As mentioned with Taveras, the Rockies also fall into the category of "good team context" with their likely losing record and frequency of steals (6th in 2020). Tapia had eight steals in just 51 games last year after collecting just nine steals in his 138 games in 2019 (career success rate of 78%). Plus, as the projected leadoff hitter, the opportunity for steals should be high and the runs should easily follow. What we are looking for here is for Tapia to continue that improved BB/K and O-Swing% while also recapturing that ISO of ~0.140 from 2019.

What I'm trying to say here is that you can do worse with an ADP of 240. You're potentially getting three-category production with AVG/OBP, SB, and runs. I'd be interested in him as a fifth outfielder or platoon at the utility spot. Plus, the draft capital is such that you can monitor his play early and drop him for a higher upside play early on if needed.

Nick Senzel, OF, Cincinnati Reds

253.752117150.253/0.31929.3 fps (97th)

If you are skeptical about Buxton but like the skill set, give Senzel a strong look! With an ADP that's about 12 rounds later than Buxton's, this pick could ooze value right out of the gate. Senzel is my other option for "favorite" on this list with Pham considering the potential and ADP.

Right now, the Reds have labeled Senzel as their full-time centerfielder. While that can sound a little fishy, remember that Senzel has also played a variety of positions coming up through the minors (notably 2B and 3B). Hell, the Reds are even considering moving Eugenio Suarez to shortstop just for poops/gigs. The Reds don't care how the fielding lineup looks, they just want to hit! As long as Senzel hits, he plays.

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So let's talk about that. His play has mostly suffered due to injuries, which makes the Buxton comparison even more reasonable. It's tough to evaluate his major league career on just 127 games anyway, let alone adding in the injury history. I'm also not willing to label him "injury-prone" coming into his age-25 season. Let's play along here a little bit then and imagine a 140 game season. Using his career stats, that's a 15 HR and 18 SB pace, which constitutes a nice floor for fantasy value. On the upside, I'm comfortable saying he could put up a 25/20 type of season with a useful triple-slash as well.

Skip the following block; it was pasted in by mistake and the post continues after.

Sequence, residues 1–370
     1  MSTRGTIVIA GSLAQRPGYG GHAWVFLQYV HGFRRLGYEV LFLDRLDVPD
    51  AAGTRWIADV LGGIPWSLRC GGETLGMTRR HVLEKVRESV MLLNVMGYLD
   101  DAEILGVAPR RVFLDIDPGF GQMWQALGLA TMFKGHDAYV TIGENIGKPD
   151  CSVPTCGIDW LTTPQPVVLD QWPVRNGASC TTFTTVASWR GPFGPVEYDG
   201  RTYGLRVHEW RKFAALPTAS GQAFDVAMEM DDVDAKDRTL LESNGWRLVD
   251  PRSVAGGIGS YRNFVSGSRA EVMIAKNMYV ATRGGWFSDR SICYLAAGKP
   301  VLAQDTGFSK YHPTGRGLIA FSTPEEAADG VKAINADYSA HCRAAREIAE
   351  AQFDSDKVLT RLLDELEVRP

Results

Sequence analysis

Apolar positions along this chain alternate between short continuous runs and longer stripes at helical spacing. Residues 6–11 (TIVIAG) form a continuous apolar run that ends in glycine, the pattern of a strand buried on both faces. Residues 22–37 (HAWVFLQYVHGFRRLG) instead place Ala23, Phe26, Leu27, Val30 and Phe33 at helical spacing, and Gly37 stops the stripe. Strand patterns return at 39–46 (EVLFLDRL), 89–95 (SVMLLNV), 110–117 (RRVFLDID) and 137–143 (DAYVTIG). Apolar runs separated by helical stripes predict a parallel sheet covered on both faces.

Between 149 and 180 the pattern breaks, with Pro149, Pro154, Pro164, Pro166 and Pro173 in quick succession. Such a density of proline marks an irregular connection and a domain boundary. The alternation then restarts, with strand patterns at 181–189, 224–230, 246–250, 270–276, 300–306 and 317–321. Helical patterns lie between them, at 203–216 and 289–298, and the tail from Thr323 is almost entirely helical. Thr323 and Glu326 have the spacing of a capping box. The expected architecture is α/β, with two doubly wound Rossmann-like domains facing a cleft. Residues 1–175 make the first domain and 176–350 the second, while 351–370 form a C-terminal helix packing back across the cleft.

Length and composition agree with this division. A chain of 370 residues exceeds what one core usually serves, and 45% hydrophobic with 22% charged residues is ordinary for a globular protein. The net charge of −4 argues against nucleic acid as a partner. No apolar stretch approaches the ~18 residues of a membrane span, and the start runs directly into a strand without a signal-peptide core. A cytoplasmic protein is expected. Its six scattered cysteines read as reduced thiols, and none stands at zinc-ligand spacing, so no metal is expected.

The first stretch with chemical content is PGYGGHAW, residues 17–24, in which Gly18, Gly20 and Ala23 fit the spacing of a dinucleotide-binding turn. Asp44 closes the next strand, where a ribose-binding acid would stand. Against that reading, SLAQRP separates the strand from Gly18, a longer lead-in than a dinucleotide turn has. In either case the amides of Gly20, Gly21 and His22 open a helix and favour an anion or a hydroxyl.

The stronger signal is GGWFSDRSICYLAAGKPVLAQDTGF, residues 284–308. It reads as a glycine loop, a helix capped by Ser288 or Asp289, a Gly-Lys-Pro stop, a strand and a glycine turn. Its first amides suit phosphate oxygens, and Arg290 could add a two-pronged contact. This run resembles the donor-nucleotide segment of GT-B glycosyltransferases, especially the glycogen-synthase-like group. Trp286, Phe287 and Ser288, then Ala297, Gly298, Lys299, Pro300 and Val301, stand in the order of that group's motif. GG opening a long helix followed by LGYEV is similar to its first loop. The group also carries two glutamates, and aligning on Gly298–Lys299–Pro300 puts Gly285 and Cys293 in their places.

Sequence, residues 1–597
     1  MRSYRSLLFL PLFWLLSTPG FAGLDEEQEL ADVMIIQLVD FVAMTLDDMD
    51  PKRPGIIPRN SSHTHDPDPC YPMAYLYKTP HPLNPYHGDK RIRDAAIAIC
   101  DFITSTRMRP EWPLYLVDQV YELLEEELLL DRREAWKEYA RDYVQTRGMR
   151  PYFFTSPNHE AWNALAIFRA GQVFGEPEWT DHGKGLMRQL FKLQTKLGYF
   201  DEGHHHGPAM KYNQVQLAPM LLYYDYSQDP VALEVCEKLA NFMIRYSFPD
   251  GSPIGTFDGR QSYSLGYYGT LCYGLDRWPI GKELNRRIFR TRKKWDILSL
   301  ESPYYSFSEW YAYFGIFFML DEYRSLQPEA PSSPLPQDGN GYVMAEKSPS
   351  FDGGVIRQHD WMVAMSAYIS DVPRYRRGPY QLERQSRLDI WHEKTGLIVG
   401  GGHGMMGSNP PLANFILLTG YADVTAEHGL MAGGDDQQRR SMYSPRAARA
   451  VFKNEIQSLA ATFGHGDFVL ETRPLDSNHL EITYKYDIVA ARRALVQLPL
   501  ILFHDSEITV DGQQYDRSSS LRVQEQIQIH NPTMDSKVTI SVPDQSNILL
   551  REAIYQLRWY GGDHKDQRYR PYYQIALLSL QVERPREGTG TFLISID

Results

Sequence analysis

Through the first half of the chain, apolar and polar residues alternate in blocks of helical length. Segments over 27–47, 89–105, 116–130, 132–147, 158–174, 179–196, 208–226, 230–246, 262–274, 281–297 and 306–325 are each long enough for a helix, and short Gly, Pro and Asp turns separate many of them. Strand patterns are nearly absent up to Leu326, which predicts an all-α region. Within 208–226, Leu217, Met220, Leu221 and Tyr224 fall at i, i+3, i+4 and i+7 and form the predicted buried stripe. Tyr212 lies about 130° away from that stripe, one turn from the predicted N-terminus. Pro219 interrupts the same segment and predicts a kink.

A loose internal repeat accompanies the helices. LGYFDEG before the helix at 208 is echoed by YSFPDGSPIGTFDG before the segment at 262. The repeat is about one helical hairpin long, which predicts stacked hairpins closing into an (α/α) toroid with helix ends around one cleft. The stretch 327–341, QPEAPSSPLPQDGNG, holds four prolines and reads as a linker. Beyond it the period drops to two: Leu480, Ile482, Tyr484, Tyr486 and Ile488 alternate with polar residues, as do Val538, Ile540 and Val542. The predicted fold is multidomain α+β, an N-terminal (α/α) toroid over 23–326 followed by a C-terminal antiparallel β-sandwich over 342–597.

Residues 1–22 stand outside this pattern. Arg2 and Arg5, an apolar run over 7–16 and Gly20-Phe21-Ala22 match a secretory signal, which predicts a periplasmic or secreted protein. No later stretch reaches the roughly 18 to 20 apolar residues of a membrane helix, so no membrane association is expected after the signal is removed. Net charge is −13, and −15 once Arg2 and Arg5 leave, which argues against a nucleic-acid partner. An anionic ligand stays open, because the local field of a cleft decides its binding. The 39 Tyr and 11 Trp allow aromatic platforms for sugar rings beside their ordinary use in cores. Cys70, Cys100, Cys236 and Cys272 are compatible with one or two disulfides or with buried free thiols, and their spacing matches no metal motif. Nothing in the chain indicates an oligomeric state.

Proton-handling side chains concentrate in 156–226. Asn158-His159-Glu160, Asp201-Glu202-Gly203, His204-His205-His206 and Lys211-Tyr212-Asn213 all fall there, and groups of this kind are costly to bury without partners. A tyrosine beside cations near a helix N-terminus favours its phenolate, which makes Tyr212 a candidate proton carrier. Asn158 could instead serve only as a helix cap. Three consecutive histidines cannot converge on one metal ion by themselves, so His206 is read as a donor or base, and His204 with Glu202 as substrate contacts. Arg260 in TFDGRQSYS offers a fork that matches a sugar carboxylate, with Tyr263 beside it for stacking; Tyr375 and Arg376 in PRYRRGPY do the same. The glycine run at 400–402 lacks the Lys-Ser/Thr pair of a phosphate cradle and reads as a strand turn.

I like Senzel a few rounds before his ADP, which is low because of the offseason noise. I'm not willing to be an ADP-watcher here; I want to have a quick draw on Senzel in the mid-teen rounds.

The Wildcard

Jarren Durran, OF, Boston Red Sox

I won't list his projections off here - most have him playing just 30 to 60 games. However, looking at the Steamer600 projections, which gives stats for each player assuming they have 600 plate appearances, Durran's outlook looks pretty tasty for fantasy with 9 HR and 25 SB to go along with a 0.265/0.316/0.388 triple-slash. While the power isn't great, this is a free agent pickup or late-round flier in your deeper leagues so it's not as impactful. That stat-line would certainly be comparable to the aforementioned Andres Gimenez and we see where he's getting drafted.

Now, I'm not saying he's going to have 600 plate appearances. Quite the contrary, in fact. But, Boston may be willing to give the guy a try sooner rather than later though considering they aren't really deep with outfield options. Oh, and by the way, he's absolutely raking this spring and not making it easy for Boston to send him down. He's certainly a name to keep on your radar if you're looking for an SB boost mid-year! (Here's another article from our site discussing Duran's potential.)